Amazon’s success has everything to do with how well it creates a frictionless shopping experience. The company has an obsessive focus on removing every pain point from the customer journey.
Dash buttons, one-click checkout, and Amazon Pay are all ‘prime’ examples of seamless experiences. They represent Amazon’s dedication to speed, choice, convenience and accessibility. So, what’s next in Amazon’s frictionless shopping mission?
Setting the bar high for frictionless shopping
The customer experience that Amazon provides is always the benchmark that other brands aspire to reach. In fact, the way that Amazon shapes customer expectations and habits is often called the “Amazon effect.”
In just less than two decades, Amazon essentially redefined online shopping. Customers can now view products within seconds, check prices, read reviews, and buy products with the click of a button.
Along the way, Jeff Bezos became the spokesperson for customer-centric retail. “We’ve had three big ideas at Amazon that we’ve stuck with for 18 years, and they’re the reason we’re successful: Put the customer first. Invent. And be patient,” he said.
These days, Amazon is learning that customer-centricity is complicated. Customers want convenience and speed, but they’re not always in favor of Amazon’s cost-cutting efforts. Now, Jeff Bezos has gone from tech-hero to tech-villain in the eyes of many.
Setting these environmental and labor concerns aside, Amazon’s mission to create less friction in the buying process is one we should try to emulate. With a projected e-commerce market share of 38.7% in 2020, it would be foolish to ignore the tactics Amazon is getting right.
Amazon quietly rolls out a customer service chatbot
Amazon’s customer service chatbot is just one recent step the company took towards frictionless shopping. The company reportedly launched the chatbot last summer to help streamline post-purchase support.
David Ruddock, Editor in Chief at Android Police, had good things to say about his recent experience with the bot. He reports how an entire refund experience took 30 seconds from start to finish.
In a world where Amazon is literally using people’s hands as ID for payment (yes, you read that right), it might be easy to overlook this new chat feature. But, doing so would be a mistake.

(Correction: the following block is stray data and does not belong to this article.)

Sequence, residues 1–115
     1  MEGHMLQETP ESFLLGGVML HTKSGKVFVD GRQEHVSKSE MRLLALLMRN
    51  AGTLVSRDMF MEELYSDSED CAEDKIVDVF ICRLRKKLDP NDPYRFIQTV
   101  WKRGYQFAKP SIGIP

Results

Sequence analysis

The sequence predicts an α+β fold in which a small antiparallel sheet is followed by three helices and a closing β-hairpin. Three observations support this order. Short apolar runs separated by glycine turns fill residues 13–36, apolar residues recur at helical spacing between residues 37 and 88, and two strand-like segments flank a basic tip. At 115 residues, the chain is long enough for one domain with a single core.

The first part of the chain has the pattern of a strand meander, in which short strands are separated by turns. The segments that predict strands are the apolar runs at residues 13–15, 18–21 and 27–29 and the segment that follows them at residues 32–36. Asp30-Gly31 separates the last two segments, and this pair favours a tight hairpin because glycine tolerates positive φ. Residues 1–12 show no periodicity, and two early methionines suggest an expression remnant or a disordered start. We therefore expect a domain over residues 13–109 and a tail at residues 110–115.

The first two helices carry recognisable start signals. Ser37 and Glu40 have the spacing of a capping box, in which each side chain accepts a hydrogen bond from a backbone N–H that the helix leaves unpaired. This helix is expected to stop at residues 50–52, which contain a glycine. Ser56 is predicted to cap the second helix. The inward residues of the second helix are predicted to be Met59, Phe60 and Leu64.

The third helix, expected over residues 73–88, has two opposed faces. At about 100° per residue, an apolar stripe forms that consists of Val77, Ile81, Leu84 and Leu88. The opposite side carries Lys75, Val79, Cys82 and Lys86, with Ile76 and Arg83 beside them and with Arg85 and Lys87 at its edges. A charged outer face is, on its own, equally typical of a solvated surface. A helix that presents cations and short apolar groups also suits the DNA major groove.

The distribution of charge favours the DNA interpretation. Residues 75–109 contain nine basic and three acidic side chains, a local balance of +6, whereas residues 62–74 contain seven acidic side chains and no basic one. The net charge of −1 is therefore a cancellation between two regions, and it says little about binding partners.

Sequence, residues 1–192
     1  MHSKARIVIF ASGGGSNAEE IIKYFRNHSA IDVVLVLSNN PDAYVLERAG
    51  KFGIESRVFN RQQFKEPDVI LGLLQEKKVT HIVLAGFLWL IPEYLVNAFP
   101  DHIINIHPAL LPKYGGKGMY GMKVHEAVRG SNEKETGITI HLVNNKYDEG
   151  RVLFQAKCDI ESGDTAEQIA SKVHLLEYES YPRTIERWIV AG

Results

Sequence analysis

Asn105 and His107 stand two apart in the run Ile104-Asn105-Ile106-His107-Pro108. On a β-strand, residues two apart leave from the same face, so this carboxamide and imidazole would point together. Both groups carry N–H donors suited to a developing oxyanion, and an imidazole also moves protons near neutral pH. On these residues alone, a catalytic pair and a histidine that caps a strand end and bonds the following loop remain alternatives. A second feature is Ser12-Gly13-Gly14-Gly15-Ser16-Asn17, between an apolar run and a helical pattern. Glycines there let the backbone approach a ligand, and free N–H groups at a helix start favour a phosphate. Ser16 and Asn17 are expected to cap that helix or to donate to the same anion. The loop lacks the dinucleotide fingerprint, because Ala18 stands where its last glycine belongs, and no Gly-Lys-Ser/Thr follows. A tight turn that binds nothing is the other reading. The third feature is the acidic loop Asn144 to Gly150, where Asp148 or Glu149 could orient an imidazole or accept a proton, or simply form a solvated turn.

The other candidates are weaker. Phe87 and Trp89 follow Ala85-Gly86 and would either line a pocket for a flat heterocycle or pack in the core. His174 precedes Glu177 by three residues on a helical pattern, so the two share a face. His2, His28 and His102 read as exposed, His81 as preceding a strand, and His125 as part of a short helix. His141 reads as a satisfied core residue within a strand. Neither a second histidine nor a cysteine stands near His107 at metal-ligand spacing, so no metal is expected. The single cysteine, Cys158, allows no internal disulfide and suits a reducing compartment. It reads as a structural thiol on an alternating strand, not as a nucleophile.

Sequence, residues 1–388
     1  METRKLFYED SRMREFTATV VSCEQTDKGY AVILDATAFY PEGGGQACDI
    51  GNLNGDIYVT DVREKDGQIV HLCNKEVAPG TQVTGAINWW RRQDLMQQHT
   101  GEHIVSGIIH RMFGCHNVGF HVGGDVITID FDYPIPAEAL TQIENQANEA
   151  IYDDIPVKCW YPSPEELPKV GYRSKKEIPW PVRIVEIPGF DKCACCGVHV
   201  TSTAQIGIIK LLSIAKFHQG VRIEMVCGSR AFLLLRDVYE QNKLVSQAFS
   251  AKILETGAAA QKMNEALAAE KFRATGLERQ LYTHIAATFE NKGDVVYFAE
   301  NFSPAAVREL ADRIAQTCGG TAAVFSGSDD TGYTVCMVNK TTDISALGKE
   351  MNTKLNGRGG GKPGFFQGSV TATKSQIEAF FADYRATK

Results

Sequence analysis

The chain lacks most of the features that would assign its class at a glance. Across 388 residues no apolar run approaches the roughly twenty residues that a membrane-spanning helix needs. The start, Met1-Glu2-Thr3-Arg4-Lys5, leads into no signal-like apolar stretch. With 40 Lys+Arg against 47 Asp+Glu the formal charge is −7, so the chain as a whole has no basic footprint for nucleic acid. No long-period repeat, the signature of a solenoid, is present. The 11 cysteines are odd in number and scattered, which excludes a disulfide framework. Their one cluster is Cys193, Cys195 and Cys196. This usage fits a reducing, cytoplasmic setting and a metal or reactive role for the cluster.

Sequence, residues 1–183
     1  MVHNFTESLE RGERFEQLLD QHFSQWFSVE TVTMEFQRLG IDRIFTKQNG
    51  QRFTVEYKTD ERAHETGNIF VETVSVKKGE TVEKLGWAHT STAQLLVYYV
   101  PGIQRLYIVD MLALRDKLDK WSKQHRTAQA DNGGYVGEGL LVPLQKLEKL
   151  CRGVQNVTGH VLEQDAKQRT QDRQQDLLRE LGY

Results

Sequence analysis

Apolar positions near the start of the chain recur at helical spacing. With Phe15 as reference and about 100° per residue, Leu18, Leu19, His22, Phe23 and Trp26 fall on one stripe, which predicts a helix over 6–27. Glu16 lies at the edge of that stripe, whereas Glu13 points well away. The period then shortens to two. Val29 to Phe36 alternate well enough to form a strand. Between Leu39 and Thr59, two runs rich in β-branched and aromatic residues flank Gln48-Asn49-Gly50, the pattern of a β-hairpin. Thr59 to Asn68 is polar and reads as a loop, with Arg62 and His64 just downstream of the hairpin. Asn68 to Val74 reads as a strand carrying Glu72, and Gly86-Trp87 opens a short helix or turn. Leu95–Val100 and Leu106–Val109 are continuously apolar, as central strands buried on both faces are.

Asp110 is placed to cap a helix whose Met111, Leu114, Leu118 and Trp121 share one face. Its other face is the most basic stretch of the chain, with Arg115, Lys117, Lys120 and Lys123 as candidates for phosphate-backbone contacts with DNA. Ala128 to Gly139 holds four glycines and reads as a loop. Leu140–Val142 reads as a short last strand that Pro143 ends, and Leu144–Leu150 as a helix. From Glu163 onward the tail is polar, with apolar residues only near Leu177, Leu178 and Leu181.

This customer support chatbot is telling ecommerce leaders exactly where their customer support models should be right now — and it’s really not that complicated.
What Amazon’s customer service chatbot means in 2020
Frictionless shopping is conversational
Amazon’s customer service chatbot should make digital innovation leaders take notice. First, it reinforces the fact that automation is needed for frictionless customer support. More than that, it supports the idea that chatbots are the best tactic to achieve this goal.
For most successful brands, the idea of a customer service chatbot is nothing new. Most enterprise level businesses already use them, and their customers prefer them. Chatbots are one of the few tools that increases customer lifetime value while reducing costs.
Don’t overcomplicate it
Amazon’s customer service chatbot also says a lot about where businesses should be focusing in 2020. The fact that Amazon — creator of Alexa — rolled out a simple decision tree bot says a lot about the technology companies need (and more importantly, don’t need) right now.
Amazon’s customer service chatbot doesn’t rely on AI or natural language processing. It’s not trying to mimic a live conversation with a customer or solve an unlimited number of use cases. Instead, it’s guard-railed enough to guide a customer quickly to a path of resolution.
In a time when AI and voice assistants (like Amazon’s own Alexa) exist, sometimes it’s easy to forget that the most efficient solution is often a simple one. Brands can go down a rabbit hole trying to build their own AI systems, but it’s generally not necessary to get the job done.
Read more about rule-based vs. AI chatbots here.
Amazon’s customer service chatbot proves that to win at customer support, companies must begin with narrowly defined use cases. Customers don’t need to be able to chat with bots about every topic under the sun. They’re just looking for a clear path to resolution.